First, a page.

My friend Jeannie died suddenly this week from a brain aneurysm. She was the same age as me, 44, and a literature/history enthusiast. I knew her for probably close to 10 years; I stopped counting awhile ago. I never met her in person, though. I only knew her through the Internet and the occasional snail mail, but she was as real a friend as any, and I mourn her loss.
Since I've been online - 15 years, maybe? - I've made many friends that I cherish greatly even though I've never met them in person. I have laughed with them and cried with them, and they have done the same for me. My Internet family is a great support to me, in good times and bad. A personal connection is a personal connection, whether it's made in person or in cyberspace. I value them all. My Internet friends are just as real and valid as my in-person friends.
Sudden death is always jarring. It brings any unfinished business to light. It brings regret over stupid things you said or did that hurt someone's feelings. Most of all, it makes you think: that could have been me. And if it were me, what would I be leaving behind unfinished? Is there anything I need to set right before my time is up? What am I missing that needs to get done? It's an overwhelming feeling.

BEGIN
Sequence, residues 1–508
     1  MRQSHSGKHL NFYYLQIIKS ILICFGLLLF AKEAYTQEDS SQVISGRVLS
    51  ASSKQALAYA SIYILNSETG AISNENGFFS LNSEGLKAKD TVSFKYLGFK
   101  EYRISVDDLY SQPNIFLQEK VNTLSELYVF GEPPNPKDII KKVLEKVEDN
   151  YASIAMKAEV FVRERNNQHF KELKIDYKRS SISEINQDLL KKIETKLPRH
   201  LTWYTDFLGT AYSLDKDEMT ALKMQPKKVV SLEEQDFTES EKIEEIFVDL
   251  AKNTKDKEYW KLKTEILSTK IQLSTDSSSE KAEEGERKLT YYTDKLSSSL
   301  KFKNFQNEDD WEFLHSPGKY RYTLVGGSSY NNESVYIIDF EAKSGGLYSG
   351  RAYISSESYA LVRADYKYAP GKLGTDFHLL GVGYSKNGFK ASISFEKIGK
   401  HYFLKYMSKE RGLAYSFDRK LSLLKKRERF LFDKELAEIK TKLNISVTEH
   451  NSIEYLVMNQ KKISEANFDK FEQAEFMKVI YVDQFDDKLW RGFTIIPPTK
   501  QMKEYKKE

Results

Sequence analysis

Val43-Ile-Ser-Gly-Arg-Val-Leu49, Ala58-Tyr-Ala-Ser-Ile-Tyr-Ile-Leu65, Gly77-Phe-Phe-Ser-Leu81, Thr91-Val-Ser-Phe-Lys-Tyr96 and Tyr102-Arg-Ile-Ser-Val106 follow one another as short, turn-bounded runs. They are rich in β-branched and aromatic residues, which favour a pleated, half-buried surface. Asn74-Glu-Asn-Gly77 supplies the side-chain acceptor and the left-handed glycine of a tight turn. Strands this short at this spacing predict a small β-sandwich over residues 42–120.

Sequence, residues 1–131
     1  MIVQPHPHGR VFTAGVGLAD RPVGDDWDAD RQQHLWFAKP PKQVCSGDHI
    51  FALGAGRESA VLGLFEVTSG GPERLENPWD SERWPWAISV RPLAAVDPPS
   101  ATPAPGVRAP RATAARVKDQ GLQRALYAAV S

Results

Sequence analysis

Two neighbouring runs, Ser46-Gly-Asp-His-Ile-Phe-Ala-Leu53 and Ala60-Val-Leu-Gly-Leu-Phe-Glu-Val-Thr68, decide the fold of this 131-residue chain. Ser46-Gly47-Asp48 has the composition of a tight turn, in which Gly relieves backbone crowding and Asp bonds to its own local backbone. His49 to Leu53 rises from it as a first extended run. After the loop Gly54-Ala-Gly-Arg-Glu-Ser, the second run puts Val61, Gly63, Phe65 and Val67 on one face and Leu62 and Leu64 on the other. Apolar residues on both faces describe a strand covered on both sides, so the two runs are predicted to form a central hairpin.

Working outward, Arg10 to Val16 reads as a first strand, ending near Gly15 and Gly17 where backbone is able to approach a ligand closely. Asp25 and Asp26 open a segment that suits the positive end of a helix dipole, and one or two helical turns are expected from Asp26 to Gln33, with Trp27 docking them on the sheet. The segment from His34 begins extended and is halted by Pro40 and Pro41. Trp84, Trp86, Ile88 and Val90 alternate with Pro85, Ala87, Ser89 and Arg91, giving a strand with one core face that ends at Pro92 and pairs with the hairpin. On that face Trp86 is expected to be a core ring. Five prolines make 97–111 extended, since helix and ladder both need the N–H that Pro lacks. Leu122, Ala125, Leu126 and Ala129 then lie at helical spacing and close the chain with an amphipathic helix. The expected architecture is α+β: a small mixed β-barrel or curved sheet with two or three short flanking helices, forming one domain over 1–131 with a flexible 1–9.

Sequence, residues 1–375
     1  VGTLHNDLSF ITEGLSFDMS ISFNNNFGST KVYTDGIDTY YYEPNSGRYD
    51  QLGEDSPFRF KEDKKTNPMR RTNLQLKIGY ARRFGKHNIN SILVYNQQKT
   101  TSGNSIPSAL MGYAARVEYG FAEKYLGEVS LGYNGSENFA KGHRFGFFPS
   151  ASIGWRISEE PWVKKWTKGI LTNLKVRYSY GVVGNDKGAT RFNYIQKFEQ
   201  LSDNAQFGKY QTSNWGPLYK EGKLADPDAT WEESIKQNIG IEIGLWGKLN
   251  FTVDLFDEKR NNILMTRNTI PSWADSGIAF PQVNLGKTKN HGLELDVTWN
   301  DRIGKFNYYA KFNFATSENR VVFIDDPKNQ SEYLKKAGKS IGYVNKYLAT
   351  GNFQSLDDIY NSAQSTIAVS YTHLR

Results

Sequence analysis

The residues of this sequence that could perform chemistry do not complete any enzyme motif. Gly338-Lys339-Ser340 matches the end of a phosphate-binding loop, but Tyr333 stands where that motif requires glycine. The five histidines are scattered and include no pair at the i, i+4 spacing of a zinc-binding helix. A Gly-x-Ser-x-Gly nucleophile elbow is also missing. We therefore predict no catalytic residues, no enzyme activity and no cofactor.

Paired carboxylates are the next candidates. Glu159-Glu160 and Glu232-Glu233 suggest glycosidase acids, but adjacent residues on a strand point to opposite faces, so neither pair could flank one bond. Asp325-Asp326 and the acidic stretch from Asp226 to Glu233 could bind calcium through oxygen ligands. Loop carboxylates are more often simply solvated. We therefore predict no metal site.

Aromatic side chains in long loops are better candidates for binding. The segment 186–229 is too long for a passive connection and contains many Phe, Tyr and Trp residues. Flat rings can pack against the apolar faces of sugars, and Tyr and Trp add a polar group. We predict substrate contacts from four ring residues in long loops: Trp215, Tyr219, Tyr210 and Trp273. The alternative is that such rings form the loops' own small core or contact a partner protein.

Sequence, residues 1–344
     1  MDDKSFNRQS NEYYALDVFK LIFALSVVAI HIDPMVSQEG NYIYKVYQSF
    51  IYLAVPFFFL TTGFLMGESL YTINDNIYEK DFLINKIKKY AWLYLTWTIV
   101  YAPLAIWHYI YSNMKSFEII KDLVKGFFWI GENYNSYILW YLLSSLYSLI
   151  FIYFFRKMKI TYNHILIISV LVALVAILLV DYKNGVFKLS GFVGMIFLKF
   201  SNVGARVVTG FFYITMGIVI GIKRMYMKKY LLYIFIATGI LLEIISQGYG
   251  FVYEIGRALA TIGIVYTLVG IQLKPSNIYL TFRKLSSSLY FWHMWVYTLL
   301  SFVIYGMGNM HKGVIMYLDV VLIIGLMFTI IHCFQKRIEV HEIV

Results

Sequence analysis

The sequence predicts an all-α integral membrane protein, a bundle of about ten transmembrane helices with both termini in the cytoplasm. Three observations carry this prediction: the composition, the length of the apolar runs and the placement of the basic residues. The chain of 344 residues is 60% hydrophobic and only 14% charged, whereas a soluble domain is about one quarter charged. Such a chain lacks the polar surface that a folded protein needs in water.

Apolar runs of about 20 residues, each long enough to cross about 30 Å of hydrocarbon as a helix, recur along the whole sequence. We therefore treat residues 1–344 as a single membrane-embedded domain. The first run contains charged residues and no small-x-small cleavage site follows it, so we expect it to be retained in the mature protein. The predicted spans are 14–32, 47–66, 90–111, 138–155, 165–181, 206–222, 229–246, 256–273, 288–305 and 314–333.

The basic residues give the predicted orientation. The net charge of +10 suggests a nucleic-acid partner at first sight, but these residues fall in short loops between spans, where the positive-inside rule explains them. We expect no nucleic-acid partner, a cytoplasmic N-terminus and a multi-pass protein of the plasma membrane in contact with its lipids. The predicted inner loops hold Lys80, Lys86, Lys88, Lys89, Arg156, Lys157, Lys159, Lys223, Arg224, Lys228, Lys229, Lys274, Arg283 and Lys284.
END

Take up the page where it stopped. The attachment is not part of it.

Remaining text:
We've all heard the saying "live each day as if it were your last," but I'm not sure that's responsible. If I knew it was my last day, I'd spend it eating and drinking and getting into mischief, and who can do that every day? Perhaps I take that too literally, though. Maybe it has more to do with finding joy in the mundane and being at peace with your surroundings, taking in every moment you can.
We live in a fast-moving world that just keeps moving faster. It's so easy to get caught up in the hubbub before you know it, and then it's difficult to extricate yourself. I don't think there's really anything wrong with the hubbub, necessarily, but I think we need to take a tip from the yogic tradition here and just be mindful of what's going on around us and how it affects us. If you like the chaos, go ahead and jump in, but pay attention: that way, you get to actually enjoy the craziness, plus, you can jump off the wagon before you get overwhelmed.
(I ramble; please forgive me. My brain is full of things right now that can't get past the limitations of the English language.)
Jeannie, I raise a glass to you, and count myself fortunate to have known you. I will miss your fire, your wit, and your wisdom. Thank you for being my friend.
Till next time --- y'all quit your meanness and love each other. And pay attention.